Among those who participated in the opening of the games are descendants of Jewish athletes who performed at the 1936 Olympics. (Jewish athletes from Germany were not allowed to participate at the time, although some Jewish sport stars from other countries did.)

The relationship that has developed between Germany and Israel over the last five decades was also exhibited in the form of a youth orchestra, comprised of 50 musicians who performed during the grand opening. Half were Israeli; half were German. A Jewish band from Berlin also sang the official song: “Maccabi Chai.”

Within the framework of the opening ceremony, Rabbi Teichtal met with Israeli Vice Prime Minister and Minister of the Interior Silvan Shalom; World Jewish Congress president Ronald S. Lauder; and Alon Mayer, president of Maccabi in Germany.

Chabad representatives assist Jewish visitors in wrapping tefillin.
Chabad representatives assist Jewish visitors in wrapping tefillin.

Teichtal spoke with Lauder about his meetings with the Lubavitcher Rebbe—Rabbi Menachem M. Schneerson, of righteous memory—to which Lauder expressed that “the Rebbe’s words are always with me.”

Shalom shared how moving it is that the Maccabi Games are taking place in the Olympic stadium in a country where today, young Jews are proudly displaying their pride and identity.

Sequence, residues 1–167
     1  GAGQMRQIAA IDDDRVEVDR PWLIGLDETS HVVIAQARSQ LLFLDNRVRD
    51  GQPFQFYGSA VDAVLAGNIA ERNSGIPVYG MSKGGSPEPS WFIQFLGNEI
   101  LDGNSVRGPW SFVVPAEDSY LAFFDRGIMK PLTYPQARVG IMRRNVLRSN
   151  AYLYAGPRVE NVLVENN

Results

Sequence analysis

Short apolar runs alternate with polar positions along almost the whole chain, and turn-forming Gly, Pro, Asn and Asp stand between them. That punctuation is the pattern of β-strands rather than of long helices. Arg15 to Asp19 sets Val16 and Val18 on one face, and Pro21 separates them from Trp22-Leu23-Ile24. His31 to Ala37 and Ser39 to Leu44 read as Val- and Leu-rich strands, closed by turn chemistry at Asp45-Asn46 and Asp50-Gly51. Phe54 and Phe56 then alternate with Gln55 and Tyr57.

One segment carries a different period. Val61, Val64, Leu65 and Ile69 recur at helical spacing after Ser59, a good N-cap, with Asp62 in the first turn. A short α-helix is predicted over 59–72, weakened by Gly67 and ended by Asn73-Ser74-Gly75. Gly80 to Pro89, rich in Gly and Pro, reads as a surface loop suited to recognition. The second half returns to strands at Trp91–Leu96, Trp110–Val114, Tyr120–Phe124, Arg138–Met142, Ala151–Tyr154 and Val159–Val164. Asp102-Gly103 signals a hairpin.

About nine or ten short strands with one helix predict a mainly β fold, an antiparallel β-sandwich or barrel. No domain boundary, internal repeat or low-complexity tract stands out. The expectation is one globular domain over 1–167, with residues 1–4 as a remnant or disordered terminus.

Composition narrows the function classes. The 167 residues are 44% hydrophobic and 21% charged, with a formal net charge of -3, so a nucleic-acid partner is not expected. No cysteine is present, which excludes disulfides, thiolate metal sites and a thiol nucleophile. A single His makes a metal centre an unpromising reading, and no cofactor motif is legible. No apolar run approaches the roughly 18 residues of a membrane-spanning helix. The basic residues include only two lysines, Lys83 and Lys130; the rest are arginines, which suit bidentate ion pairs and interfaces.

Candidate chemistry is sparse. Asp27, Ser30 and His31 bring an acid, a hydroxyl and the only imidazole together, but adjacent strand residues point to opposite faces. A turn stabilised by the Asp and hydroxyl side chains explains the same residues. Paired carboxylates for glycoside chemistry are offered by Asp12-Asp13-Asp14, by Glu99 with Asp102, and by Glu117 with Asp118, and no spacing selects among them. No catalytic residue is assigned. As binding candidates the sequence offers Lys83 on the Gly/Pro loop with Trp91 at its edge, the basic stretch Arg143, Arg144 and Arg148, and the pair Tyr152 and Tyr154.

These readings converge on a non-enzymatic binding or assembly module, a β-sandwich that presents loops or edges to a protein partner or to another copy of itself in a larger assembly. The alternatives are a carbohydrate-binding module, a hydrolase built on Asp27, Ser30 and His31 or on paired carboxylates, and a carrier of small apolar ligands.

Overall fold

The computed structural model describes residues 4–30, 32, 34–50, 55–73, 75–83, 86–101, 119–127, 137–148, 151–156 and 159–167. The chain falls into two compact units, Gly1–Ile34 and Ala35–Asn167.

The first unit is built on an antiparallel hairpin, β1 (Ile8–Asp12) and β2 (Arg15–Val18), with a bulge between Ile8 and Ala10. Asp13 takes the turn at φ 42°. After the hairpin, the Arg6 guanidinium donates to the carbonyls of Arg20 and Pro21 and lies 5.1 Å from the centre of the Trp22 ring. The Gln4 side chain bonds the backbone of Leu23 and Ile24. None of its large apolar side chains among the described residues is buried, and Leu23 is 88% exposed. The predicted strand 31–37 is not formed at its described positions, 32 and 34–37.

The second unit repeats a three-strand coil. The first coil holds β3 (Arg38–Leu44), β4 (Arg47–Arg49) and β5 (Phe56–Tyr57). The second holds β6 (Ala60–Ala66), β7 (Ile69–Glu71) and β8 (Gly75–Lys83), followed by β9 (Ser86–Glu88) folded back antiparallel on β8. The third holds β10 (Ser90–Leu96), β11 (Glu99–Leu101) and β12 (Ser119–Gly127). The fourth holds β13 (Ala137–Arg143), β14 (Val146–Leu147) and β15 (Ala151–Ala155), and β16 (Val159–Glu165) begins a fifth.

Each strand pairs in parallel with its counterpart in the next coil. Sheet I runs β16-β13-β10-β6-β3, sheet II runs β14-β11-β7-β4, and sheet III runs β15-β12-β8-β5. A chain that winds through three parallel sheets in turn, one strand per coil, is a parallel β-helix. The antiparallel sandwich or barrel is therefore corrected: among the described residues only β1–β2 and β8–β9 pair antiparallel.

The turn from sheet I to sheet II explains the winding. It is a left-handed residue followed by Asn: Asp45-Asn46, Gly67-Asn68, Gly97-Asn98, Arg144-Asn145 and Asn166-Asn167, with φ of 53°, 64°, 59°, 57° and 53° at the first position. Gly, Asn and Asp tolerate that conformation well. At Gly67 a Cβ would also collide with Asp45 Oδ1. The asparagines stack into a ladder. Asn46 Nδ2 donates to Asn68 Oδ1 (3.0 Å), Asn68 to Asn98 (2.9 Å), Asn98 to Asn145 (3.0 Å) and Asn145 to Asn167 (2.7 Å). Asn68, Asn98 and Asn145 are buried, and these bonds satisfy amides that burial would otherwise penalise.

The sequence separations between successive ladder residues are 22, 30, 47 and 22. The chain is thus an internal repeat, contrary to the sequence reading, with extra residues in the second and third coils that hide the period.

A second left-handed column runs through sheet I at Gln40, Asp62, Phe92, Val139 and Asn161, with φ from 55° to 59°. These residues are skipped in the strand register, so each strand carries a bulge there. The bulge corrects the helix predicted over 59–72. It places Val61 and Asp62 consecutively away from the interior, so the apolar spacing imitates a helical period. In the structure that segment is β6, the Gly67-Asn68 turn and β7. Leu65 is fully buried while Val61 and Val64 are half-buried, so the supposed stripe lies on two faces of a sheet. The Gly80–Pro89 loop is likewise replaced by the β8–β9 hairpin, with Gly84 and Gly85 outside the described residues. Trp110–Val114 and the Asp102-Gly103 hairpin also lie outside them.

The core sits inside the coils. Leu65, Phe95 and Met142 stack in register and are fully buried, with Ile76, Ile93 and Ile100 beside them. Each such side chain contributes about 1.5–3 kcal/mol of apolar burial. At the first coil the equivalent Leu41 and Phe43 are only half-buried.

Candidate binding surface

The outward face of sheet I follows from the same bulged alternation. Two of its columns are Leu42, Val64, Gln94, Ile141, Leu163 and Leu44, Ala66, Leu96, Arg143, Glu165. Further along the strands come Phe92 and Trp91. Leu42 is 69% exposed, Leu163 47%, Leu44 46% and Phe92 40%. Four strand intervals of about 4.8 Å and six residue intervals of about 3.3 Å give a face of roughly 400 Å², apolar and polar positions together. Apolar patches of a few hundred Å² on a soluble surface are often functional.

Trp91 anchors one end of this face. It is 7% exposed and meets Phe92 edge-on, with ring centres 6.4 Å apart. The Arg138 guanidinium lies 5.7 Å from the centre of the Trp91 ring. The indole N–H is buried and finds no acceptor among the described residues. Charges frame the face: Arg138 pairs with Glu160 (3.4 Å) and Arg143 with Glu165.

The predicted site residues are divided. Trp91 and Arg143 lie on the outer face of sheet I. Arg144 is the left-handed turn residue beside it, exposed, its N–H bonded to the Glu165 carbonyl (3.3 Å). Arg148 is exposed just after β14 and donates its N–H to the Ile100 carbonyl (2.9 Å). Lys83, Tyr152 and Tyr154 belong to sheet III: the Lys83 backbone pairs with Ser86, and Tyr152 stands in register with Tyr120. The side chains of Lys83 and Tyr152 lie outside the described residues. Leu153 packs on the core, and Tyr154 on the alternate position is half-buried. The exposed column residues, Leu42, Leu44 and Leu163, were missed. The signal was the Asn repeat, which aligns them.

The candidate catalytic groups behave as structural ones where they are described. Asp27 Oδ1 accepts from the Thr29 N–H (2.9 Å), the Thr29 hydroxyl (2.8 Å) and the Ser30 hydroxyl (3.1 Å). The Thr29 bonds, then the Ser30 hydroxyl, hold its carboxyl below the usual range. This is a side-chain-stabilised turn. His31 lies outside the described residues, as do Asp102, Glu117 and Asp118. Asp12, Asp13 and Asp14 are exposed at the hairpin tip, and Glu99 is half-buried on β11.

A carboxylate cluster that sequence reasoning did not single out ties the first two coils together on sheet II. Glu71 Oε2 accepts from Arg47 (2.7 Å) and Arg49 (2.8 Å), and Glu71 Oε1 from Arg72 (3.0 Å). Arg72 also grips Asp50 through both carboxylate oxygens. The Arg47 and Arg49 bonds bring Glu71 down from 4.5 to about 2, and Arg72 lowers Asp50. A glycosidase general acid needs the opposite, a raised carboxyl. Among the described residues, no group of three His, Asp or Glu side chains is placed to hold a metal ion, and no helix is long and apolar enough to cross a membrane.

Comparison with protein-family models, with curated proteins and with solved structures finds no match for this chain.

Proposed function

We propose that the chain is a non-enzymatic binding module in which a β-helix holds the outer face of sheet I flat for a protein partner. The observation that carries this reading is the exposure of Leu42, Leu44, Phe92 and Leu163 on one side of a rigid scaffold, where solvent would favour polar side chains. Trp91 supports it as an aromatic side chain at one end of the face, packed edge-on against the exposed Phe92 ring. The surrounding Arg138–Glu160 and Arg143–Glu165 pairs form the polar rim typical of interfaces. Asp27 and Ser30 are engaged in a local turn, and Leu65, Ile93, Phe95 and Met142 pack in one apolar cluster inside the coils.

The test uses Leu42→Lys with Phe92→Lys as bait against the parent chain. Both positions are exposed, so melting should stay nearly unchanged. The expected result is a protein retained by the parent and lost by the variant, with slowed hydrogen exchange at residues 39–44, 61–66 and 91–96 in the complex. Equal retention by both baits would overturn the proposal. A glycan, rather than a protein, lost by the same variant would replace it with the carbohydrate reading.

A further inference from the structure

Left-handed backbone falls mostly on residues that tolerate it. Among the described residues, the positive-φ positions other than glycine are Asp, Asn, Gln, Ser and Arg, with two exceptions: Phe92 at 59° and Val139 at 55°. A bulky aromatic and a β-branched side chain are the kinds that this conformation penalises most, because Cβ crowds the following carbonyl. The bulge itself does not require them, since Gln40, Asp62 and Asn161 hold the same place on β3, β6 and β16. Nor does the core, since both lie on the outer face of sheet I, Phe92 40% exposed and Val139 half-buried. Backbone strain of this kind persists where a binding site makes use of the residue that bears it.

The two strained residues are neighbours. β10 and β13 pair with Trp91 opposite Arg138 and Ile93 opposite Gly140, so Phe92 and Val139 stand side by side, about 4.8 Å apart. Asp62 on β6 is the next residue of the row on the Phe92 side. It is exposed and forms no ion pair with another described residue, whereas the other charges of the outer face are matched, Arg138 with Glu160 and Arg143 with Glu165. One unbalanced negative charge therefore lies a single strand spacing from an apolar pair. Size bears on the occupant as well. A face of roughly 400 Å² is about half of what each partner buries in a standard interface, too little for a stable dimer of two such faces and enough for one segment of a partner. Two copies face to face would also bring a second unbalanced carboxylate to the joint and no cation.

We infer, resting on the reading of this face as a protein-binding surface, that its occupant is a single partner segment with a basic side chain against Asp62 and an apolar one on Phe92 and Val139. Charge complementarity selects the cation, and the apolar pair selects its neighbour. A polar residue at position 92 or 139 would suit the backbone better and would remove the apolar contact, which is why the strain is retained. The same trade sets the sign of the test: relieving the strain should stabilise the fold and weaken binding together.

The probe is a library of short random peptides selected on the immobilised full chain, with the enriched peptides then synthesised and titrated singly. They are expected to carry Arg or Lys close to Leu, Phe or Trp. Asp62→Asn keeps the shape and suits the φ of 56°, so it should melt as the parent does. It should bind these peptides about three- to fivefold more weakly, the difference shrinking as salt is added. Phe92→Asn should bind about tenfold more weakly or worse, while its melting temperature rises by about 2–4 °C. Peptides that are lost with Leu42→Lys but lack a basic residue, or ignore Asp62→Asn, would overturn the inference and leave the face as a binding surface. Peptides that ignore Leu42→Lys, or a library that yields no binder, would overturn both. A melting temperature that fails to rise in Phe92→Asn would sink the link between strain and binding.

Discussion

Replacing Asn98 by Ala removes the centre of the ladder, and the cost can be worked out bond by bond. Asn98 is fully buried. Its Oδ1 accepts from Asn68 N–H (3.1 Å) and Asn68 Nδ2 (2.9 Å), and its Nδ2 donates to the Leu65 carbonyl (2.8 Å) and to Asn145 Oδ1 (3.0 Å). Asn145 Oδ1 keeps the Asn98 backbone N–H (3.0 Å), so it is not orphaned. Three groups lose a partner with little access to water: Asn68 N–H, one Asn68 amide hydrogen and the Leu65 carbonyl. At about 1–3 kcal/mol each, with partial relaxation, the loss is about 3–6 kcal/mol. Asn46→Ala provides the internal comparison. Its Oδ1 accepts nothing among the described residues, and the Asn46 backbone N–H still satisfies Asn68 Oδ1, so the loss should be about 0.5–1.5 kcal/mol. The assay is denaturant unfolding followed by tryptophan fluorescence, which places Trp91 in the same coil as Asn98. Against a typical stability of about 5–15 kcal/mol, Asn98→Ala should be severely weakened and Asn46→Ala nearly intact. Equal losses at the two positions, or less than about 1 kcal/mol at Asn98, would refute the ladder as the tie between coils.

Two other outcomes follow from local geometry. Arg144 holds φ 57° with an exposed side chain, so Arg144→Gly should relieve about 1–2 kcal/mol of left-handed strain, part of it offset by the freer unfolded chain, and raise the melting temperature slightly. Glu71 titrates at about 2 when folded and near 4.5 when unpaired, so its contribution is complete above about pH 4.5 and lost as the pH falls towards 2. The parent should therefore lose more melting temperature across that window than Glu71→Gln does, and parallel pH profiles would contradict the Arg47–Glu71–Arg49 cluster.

Together, they spoke about the vibrant growing Jewish life in Germany and the role of the games in changing the image of the German capital in the international community.​

As Teichtal stated earlier this year: “We in Germany live in a free society, which recognizes the right of every individual to live a full and enriching lifestyle. In the 19 years that I have lived in Berlin, we have seen a Jewish renaissance that is still unfolding, and I have no doubt that it will continue to flourish, openly and proudly, with complete faith in G‑d.”

The games will continue through next week. Maccabi is hosting a major Shabbat program this week that Chabad is helping to prepare; some are even suggesting that it will break the Guinness World Records for the number of participants at a Shabbat dinner.

From left: Rabbi Yehuda Teichtal, rabbi of the Berlin Jewish community and the head of Chabad of Berlin; Israeli Vice Prime Minister and Minister of the Interior Silvan Shalom; World Jewish Congress president Ronald S. Lauder; and Alon Mayer, president of Maccabi in Germany
From left: Rabbi Yehuda Teichtal, rabbi of the Berlin Jewish community and the head of Chabad of Berlin; Israeli Vice Prime Minister and Minister of the Interior Silvan Shalom; World Jewish Congress president Ronald S. Lauder; and Alon Mayer, president of Maccabi in Germany
Chabad of Berlin enlisted the help of yeshivah students to field questions and provide opportunities for people to perform mitzvahs.
Chabad of Berlin enlisted the help of yeshivah students to field questions and provide opportunities for people to perform mitzvahs.
A table of information for players and fans, provided by Chabad. As their shirts read: “We're here for all your Jewish needs!” In the center is Rabbi Shmuel Segal, program director for Chabad of Berlin.
A table of information for players and fans, provided by Chabad. As their shirts read: “We're here for all your Jewish needs!” In the center is Rabbi Shmuel Segal, program director for Chabad of Berlin.